Originally published by ReviewFix.

Recently added Amazing Spider-Man to my pull-list and looking forward to seeing what Dan Slott has in store when he starts up the new Superior title. I came back into this run because of a storyline where Spider-Man became a mentor to a newly created teenage superhero, an angle I found personally fitting. 

For as long as I could remember Spider-Man was described as the everyman I was suppose to see myself as. But for me I saw Spider-Man more as a big brother figure I looked up to.

After taking a long hard look at myself, I realize there might be a little bit more to that type of reading. These days I’m a freelance journalist, walking around shooting with a fancy camera, and scraping along any small amount of money I can.

But the last time I regularly read comic books about Peter Parker, he was married, in college and about to become a high school teacher and a member of the Avengers. It all felt fitting from what I knew about his history.

Many of his long list of complicated romantic relationships, personal tragedies, quirky misadventures and grand heroic feats were told to me in flashbacks or retellings (T.V. shows & articles) as opposed to experiencing them as they happened in the comics. It was like learning about your big brother’s own youthful exploits from anecdotal retellings. You know, like How I Met Your Mother but less of a tease.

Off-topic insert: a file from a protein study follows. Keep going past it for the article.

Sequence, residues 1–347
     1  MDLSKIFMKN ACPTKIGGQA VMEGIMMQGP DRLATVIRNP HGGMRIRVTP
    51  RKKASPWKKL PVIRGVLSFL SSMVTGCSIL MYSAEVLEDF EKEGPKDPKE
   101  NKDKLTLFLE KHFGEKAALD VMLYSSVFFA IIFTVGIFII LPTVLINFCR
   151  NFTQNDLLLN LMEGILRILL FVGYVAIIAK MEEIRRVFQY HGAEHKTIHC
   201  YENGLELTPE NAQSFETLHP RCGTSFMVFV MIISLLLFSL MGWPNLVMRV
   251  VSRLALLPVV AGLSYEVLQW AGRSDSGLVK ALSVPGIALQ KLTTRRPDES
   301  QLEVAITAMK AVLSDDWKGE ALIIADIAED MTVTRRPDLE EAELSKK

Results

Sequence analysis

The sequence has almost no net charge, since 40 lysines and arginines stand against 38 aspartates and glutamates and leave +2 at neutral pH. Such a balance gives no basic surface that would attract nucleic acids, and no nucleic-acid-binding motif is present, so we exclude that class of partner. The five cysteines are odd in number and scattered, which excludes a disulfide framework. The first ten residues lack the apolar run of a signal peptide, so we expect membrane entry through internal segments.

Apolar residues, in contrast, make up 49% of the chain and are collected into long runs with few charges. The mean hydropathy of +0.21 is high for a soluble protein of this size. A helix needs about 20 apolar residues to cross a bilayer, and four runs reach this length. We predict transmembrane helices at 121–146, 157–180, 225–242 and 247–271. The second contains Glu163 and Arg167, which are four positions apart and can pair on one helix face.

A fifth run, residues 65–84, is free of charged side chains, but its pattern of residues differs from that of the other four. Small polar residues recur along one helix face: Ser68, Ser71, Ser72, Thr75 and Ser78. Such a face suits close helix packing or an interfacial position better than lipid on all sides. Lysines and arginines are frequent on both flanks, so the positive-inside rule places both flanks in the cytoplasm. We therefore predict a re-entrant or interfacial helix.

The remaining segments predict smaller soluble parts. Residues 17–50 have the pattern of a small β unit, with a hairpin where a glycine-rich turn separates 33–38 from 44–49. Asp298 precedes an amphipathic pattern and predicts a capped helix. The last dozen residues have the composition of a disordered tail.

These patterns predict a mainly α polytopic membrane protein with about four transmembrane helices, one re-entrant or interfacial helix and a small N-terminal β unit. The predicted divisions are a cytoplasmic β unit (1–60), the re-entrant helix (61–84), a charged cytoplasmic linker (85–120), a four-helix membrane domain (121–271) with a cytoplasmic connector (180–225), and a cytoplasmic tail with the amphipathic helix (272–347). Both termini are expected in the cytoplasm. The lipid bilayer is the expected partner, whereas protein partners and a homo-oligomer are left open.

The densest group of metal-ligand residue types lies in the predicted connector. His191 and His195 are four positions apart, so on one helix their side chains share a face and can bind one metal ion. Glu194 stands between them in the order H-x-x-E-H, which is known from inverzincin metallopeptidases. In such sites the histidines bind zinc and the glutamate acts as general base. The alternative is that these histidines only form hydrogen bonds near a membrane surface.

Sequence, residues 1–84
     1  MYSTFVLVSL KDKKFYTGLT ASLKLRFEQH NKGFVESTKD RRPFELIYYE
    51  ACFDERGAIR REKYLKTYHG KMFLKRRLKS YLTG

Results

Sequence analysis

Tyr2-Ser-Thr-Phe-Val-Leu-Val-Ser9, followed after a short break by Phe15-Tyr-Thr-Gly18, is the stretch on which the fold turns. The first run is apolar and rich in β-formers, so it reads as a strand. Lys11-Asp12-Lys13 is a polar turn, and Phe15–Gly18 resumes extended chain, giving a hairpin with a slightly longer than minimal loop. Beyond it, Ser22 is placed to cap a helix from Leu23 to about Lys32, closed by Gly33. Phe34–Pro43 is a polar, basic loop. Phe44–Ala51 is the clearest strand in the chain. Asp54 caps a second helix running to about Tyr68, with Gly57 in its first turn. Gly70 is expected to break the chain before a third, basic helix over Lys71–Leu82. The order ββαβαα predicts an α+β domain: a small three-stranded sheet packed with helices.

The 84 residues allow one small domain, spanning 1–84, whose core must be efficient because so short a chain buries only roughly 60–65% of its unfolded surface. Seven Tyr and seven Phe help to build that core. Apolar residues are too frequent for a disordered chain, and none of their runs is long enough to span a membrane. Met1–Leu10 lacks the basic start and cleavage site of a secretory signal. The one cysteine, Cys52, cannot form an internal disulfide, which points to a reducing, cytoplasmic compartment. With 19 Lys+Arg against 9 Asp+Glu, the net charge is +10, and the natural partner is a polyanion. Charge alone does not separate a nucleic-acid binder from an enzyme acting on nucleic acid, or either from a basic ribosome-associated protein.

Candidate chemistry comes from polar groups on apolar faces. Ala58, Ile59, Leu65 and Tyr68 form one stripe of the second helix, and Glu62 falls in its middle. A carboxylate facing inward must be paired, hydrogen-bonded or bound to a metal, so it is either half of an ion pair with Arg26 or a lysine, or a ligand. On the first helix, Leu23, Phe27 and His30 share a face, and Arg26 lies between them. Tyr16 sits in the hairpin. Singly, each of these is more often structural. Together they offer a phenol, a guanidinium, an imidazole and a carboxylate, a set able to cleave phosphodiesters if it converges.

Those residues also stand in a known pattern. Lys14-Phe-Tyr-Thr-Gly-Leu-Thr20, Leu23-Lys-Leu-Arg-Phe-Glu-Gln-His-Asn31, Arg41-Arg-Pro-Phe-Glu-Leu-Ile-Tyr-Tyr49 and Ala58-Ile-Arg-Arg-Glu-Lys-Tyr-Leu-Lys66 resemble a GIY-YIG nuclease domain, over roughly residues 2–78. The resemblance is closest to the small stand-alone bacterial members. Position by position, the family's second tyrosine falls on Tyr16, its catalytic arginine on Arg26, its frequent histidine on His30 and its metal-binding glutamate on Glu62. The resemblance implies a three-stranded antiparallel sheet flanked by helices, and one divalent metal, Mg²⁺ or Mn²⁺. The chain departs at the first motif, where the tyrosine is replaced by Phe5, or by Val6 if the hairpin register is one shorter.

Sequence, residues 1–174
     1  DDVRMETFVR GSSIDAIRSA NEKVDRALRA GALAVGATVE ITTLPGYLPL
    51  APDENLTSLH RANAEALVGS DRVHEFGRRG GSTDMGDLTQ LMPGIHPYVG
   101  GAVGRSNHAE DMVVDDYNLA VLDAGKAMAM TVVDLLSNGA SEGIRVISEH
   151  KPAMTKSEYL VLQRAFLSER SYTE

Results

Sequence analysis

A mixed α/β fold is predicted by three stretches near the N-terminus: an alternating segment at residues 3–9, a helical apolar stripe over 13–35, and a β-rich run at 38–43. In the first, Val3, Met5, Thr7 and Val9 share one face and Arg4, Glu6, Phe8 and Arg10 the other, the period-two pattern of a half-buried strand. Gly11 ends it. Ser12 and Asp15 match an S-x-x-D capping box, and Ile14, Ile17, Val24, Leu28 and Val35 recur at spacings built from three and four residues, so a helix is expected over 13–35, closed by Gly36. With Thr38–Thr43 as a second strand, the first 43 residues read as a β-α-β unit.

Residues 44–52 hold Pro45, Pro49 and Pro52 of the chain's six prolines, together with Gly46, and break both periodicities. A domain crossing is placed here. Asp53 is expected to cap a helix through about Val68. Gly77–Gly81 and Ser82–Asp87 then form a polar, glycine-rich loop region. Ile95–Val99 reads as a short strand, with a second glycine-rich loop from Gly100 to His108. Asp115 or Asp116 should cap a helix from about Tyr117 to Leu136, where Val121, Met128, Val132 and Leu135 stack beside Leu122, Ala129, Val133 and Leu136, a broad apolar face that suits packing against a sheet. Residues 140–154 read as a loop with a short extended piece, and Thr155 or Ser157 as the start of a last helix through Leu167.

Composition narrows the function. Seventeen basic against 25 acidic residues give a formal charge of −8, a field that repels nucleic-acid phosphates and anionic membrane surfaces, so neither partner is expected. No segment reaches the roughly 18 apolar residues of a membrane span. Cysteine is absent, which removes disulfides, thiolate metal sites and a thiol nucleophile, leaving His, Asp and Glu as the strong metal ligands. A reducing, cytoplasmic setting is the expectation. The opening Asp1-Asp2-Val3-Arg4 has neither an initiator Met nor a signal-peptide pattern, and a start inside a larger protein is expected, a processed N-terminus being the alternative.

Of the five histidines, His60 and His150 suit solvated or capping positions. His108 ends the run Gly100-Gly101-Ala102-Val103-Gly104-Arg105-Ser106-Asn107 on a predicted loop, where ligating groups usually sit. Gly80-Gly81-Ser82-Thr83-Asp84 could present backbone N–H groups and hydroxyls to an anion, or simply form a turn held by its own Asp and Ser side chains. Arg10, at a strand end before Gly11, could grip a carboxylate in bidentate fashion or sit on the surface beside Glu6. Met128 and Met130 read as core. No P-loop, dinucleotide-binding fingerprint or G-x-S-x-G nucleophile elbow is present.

I couldn’t relate to Peter Parker who was in college and married to a super model. Instead, I saw a roadmap to a realistic model of an adult life as strange as that sounds. I saw a man who had lived out his youth filled with deep complicated emotions, survived a little wiser and after getting things he wanted (beautiful wife who loved him & respect from his peers) was still at times troubled and struggling.

I learned in those pages that just because there wasn’t really a happily ever after in real life, you didn’t necessarily have to live out a Greek tragedy. And I came to accept early on that that was what you should realistically aspire for.

You weren’t going to go through life unscathed, but hopefully you’d be able to have the strength of bear through moments of sorrow and the wisdom to count your blessings when things were bad and savor moments when things were good.